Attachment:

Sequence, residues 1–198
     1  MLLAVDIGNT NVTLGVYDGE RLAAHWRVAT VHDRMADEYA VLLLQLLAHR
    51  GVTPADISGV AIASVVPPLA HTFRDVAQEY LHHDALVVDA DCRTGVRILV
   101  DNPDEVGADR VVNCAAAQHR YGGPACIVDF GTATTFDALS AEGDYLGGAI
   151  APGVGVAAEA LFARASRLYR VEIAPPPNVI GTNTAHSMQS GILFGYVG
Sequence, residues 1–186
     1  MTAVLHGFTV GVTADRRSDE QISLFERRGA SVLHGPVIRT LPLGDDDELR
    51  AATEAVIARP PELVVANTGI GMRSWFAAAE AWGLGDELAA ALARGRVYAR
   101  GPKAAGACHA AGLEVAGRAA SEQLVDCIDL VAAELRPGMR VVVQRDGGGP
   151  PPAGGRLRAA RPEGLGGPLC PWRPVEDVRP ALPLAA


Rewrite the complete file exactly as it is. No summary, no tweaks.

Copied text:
Sequence, residues 1–198
     1  MLLAVDIGNT NVTLGVYDGE RLAAHWRVAT VHDRMADEYA VLLLQLLAHR
    51  GVTPADISGV AIASVVPPLA HTFRDVAQEY LHHDALVVDA DCRTGVRILV
   101  DNPDEVGADR VVNCAAAQHR YGGPACIVDF GTATTFDALS AEGDYLGGAI
   151  APGVGVAAEA LFARASRLYR VEIAPPPNVI GTNTAHSMQS GILFGYVG
Sequence, residues 1–186
     1  MTAVLHGFTV GVTADRRSDE QISLFERRGA SVLHGPVIRT LPLGDDDELR
    51  AATEAVIARP PELVVANTGI GMRSWFAAAE AWGLGDELAA ALARGRVYAR
   101  GPKAAGACHA AGLEVAGRAA SEQLVDCIDL VAAELRPGMR VVVQRDGGGP
   151  PPAGGRLRAA RPEGLGGPLC PWRPVEDVRP ALPLAA